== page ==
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DEAR MS. LAIFE, Although we like to think Barq’s is a New Orleans-born product, it actually originated in Biloxi, Miss., but it was created by a native New Orleanian, Edward Charles Barq. Barq was born in New Orleans in 1871. After spending some of his youth in France, he returned to New Orleans, and with his brother Gaston opened the Barqs Brothers Bottling Company in the French Quarter in 1890. His first success in the soft drink business came in 1893, when he won a gold medal at the Chicago World’s Fair for a concoction he called Orangine. After he got married, Barq moved to Mississippi and purchased the Biloxi Artesian Bottling Works. It was there that he created and bottled the now-famous root beer in 1898. The first franchise was opened in Mobile, Ala., in 1934, and before long, there were franchises everywhere. In 1976, the Barq family sold the company, and the headquarters was moved to New Orleans. Coca-Cola purchased the soft drink brand in 1995. Biloxi is proud of its unique beverage, and to celebrate the 100th anniversary of Barq’s, Mayor A.J. Holloway officially pronounced March 26, 1998 Barq’s Root Beer Day. HEY BLAKE, I ATTENDED THE NEW ORLEANS PRESS CLUB EVENT WHEN ANGUS LIND MADE SOME INTERESTING COMMENTS ABOUT HIS EXPERIENCES WORKING FOR THE NEW ORLEANS STATES-ITEM. DO YOU KNOW THE ADDRESS OF THE OLD STATES-ITEM? I’VE BEEN TOLD IT WAS 318 CAMP ST., WHICH IS WHERE I WORK. KRISTIAN SONNIER

DEAR KRISTIAN, Your office is a few blocks away from Lafayette Square, where the States-Item was located. Many years earlier, in the 1800s, a number of local newspapers had offices on Camp Street. On Sept. 15, 1958, The New Orleans States and New Orleans Item merged. Both were owned by The Times-Picayune. In 1961, their address was 601-615 North St. (now North Maestri Street), on the cor-

ner of Camp Street. Later they just gave their address as Lafayette Square. The two names appeared on the masthead for years until it was shortened to the New Orleans States-Item and finally to The States-Item on Sept. 21, 1970. In 1962, the two daily papers in New Orleans — The Times-Picayune and The States-Item — were purchased by S.I. Newhouse, and in January 1968, they left the CBD and moved into the company’s current digs at 3800 Howard Ave. Newhouse merged the papers in 1980, and the combined paper was called The Times-Picayune/The States-Item from 1980 to 1986.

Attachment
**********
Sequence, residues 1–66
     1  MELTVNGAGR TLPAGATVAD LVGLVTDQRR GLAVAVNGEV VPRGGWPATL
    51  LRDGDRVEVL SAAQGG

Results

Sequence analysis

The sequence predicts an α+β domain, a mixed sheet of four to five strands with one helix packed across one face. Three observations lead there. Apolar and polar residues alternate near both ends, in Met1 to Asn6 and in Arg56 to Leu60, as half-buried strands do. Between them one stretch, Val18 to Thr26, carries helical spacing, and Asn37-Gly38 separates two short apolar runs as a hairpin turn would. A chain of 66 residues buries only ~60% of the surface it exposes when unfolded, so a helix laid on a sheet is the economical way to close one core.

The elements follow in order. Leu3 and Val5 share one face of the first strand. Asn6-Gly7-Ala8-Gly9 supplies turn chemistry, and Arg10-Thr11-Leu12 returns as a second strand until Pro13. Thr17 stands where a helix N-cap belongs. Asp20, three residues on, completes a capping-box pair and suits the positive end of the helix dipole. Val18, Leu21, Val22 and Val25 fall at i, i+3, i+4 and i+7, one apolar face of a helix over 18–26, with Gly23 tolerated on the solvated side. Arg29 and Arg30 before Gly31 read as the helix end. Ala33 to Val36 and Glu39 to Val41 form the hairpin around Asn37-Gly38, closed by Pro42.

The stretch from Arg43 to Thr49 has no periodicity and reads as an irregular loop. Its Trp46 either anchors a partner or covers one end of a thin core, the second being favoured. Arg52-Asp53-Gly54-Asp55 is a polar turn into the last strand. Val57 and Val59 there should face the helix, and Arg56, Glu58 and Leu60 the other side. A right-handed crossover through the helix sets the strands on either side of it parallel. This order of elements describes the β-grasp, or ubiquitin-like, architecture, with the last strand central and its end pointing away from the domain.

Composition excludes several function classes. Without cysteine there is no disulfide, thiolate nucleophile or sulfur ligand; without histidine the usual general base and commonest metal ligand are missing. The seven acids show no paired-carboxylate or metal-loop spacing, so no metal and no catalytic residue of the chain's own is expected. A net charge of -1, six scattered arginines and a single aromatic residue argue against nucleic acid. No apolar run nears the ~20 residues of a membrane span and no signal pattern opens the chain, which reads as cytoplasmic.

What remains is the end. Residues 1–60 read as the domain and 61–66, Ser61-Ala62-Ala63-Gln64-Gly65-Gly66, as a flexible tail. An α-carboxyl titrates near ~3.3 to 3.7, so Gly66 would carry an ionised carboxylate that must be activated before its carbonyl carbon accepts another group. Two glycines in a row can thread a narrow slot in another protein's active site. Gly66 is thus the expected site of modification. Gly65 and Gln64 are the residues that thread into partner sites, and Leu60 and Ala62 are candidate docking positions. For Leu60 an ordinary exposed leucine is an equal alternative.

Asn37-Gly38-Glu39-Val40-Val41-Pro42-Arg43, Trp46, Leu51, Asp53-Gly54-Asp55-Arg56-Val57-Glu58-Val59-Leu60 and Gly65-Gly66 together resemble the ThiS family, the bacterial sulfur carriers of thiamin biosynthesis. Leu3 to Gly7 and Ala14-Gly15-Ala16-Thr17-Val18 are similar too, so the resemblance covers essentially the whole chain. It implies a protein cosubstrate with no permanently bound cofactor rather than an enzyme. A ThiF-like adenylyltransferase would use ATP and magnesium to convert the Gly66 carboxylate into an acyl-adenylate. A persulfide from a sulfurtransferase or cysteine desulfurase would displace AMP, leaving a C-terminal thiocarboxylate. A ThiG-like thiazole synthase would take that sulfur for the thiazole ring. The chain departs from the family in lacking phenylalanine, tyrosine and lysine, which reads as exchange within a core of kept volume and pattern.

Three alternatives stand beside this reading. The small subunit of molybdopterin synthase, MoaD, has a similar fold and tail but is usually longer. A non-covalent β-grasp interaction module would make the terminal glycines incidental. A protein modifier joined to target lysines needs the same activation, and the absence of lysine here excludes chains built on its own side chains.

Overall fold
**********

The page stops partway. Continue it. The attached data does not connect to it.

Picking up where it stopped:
HEY L. Gandolini sold BLAKE, waffles from a I’M 68 YEARS horse-drawn cart OLD AND HAVE in the 1940s. PHOTO COURTESY LIVED IN NEW LOUISIANA ORLEANS ALL DIVISION/CITY MY LIFE. WHEN ARCHIVES, NEW ORLEANS PUBLIC I WAS A KID, I LIBRARY LIVED ON CANAL STREET, AND I DISTINCTLY REMEMBER A HORSEDRAWN CART THAT SOLD SMALL WAFFLES WITH POWDERED SUGAR ON TOP. THE SETUP WAS SIMILAR TO THE ROMAN TAFFY MAN TODAY. DO YOU HAVE ANY INFORMATION ABOUT THIS? AL

DEAR AL, Don’t you feel sorry for kids today who have to eat frozen waffles? Of course I remember the waffle vendors; they were popular for years. One in particular had his name on the side of the cart — L. Gandolini, 2766 Orchid St., who did a brisk business in the 1940s. He advertised hot waffles at four for a nickel. Another was Sam DeKemel, who came down the street blowing a bugle. New Orleans has always had street vendors, but the waffle man was especially welcome as evidenced in this verse of the era: “The Waffle Man is a fine old man/ He washes his face in a frying pan/ He makes his waffles with his hand/ Everybody loves the Waffle Man.”